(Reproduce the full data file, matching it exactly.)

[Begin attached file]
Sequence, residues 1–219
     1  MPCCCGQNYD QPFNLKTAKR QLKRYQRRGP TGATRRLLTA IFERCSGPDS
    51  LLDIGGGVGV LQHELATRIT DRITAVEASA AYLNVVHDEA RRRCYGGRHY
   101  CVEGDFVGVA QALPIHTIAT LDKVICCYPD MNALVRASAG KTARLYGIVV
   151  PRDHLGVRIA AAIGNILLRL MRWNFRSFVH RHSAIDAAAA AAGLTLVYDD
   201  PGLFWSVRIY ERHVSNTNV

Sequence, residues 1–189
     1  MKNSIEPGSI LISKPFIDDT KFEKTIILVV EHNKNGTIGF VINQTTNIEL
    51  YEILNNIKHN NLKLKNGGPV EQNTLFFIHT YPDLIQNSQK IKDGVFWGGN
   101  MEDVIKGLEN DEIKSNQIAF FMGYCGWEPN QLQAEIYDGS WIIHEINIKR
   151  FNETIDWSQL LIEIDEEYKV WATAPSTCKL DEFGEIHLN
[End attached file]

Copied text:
Sequence, residues 1–219
     1  MPCCCGQNYD QPFNLKTAKR QLKRYQRRGP TGATRRLLTA IFERCSGPDS
    51  LLDIGGGVGV LQHELATRIT DRITAVEASA AYLNVVHDEA RRRCYGGRHY
   101  CVEGDFVGVA QALPIHTIAT LDKVICCYPD MNALVRASAG KTARLYGIVV
   151  PRDHLGVRIA AAIGNILLRL MRWNFRSFVH RHSAIDAAAA AAGLTLVYDD
   201  PGLFWSVRIY ERHVSNTNV

Sequence, residues 1–189
     1  MKNSIEPGSI LISKPFIDDT KFEKTIILVV EHNKNGTIGF VINQTTNIEL
    51  YEILNNIKHN NLKLKNGGPV EQNTLFFIHT YPDLIQNSQK IKDGVFWGGN
   101  MEDVIKGLEN DEIKSNQIAF FMGYCGWEPN QLQAEIYDGS WIIHEINIKR
   151  FNETIDWSQL LIEIDEEYKV WATAPSTCKL DEFGEIHLN